ICU patient

Helping to reduce the risk of secondary complications and minimize inefficiencies

We recognize that you’re being asked to do far more with far less right now, and protecting health care providers with PPE continues to be our top priority. We’re also here to support you by helping to reduce the risk of secondary complications and minimize inefficiencies so that you can focus on what matters most – providing care to your patients.

Explore guidelines, best practices and resources to help reduce the risk of secondary complications and minimize inefficiencies in the following areas:


Clinician closely monitoring a patient
ECG alarm response

Each day, a nurse can be prompted by as many as 700 alarms per patient day,¹ many of which are related to ECG monitoring. A significant proportion of ECG alarms are false or triggered by clinically insignificant events.²,³

  • Here are some quick tips to reduce the amount of time spent responding to and troubleshooting ECG alarms:
     

    • Clip excessive hair
    • Properly clean and dry the skin
    • Abrade the skin (for adult patients only) to reduce skin impedance and improve trace quality
    • When applying the electrode, activate the pressure sensitive adhesive
    • Evaluate alarm parameter settings

Clinician monitoring a patient with a catheter
Catheter-related complications

Every IV site presents the potential for infection, dislodgement, skin damage and other complications.

Caring for and maintaining IV lines


Securing critical tubes

  • In one study, 48.5% of patients had a nasogastric tube dislodgement.⁴ Review tools and resources to properly select and apply the right securement for the patient and application:

  • Critical Tube Securement Nasogastric Application video
    Critical Tube Securement Nasogastric Application
  • Critical Tube Securement Foley Platform Application video
    Critical Tube Securement Indwelling Urinary Catheter Platform Application
  • Critical Tube Securement Surgical Drain Application video
    Critical Tube Securement Surgical Drain Application
Clinician monitoring a patient with a pressure injury
Pressure injuries

Up to 41% of ICU patients may develop a pressure injury (PI), and most are developed within the first week of admission.⁵ When using prone positioning for patients, at-risk areas for PIs include medical device areas, face, knees, clavicles and pelvis.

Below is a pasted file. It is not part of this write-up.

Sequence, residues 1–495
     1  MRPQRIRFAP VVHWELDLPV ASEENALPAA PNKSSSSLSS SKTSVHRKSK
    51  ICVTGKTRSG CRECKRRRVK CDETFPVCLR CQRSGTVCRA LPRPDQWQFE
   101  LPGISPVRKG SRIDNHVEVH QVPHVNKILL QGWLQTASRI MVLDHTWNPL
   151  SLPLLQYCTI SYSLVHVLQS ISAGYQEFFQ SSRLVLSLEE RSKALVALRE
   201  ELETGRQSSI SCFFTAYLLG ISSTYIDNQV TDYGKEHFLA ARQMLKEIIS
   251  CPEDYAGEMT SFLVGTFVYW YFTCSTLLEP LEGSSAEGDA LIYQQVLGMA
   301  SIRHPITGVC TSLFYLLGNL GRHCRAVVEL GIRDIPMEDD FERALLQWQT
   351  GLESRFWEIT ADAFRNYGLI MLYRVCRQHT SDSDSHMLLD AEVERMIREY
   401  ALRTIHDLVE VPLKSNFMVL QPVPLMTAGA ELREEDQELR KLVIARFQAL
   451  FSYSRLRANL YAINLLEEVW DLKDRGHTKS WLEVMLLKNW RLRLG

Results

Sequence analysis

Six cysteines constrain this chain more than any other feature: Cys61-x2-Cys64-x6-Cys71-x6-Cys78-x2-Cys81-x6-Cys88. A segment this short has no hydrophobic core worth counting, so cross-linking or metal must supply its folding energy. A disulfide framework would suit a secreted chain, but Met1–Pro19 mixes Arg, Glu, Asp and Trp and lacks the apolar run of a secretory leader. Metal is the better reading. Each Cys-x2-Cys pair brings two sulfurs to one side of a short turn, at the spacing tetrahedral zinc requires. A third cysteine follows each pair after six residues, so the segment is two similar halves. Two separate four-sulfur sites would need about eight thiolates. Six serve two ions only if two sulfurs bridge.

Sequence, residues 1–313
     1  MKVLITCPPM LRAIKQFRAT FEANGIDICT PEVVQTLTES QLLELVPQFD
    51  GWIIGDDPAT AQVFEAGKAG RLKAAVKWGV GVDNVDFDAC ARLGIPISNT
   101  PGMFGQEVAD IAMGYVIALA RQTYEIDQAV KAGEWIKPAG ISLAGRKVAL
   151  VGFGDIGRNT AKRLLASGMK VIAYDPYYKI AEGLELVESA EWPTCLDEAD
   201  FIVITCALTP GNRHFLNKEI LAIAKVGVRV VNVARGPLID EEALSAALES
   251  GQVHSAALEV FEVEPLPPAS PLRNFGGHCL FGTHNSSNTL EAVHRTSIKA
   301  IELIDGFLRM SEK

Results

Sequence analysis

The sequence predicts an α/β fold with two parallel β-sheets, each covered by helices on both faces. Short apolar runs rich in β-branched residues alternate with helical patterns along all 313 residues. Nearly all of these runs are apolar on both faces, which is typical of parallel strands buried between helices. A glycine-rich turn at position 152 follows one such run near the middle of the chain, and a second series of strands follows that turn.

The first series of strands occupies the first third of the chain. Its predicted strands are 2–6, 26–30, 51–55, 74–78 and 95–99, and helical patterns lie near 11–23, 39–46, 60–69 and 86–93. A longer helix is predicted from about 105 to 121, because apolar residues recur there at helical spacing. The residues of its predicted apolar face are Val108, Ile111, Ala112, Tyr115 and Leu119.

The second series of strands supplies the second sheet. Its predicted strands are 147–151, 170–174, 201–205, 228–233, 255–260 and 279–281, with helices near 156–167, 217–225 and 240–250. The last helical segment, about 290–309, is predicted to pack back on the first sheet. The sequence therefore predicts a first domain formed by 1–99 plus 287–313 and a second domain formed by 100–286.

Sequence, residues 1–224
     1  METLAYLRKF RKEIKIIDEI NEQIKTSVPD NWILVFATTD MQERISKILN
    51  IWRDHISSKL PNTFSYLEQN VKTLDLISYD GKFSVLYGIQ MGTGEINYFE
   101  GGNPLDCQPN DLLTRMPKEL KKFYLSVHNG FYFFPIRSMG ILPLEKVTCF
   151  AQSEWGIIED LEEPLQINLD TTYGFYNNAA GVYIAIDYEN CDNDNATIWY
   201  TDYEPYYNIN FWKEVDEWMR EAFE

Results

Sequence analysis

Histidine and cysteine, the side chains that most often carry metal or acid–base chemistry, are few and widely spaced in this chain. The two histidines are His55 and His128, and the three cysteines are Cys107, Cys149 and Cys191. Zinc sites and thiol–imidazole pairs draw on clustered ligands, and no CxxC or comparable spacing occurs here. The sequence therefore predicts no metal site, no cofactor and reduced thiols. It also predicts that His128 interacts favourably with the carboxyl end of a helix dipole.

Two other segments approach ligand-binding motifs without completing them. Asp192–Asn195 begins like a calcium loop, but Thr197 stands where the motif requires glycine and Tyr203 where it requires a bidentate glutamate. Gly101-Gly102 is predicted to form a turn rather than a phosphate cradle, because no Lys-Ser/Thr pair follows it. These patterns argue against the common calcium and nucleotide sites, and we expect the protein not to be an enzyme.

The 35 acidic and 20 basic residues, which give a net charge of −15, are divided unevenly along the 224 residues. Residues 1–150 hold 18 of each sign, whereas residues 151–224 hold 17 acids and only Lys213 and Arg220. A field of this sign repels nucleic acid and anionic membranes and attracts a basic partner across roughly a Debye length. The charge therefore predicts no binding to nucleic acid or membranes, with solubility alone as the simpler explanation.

• Knowing how to properly assess and stage a PI, as outlined by the National Pressure Injury Advisory Panel (NPIAP), is an important component in reducing patient/resident risk.

  • References

    1. Cvach MM, Biggs M, Rothwell KJ, Charles-Hudson C. Daily electrode change and effect on cardiac monitor alarms: an evidence-based practice approach. J Nurs Care Qual. 2013;28:265-271.
    2. Drew BJ, Harris P, Zegre-Hemsey JK, et al. Insights into the problem of alarm fatigue with physiologic monitor devices: a comprehensive observational study of consecutive intensive care unit patients. PloS One. 2014; 9(10): e110274.
    3. Bonafide CP, Localio AR, Holmes JH, et al. Video analysis of factors associated with response time to physiologic monitor alarms in a children’s hospital. JAMA Pediatr. 2017; 171(6): 524-531.
    4. Pancordo-Hidalgo, P., Garcia-Fernandez, F., Ramirez-Perez, C. (2001). Complications associated with enteral nutrition by nasogastric tube in an internal medicine unit. Journal of Clinical Nursing. Site accessed February 3, 2020. https://doi.org/10.1046/j.1365-2702.2001.00498.x
    5. Cox J, Roche, S and Murphy V. (2018). Pressure Injury Risk Factors in Critical Care Patients: A Descriptive Analysis. Adv Skin & Wound Car,. 31(7): 328-334.

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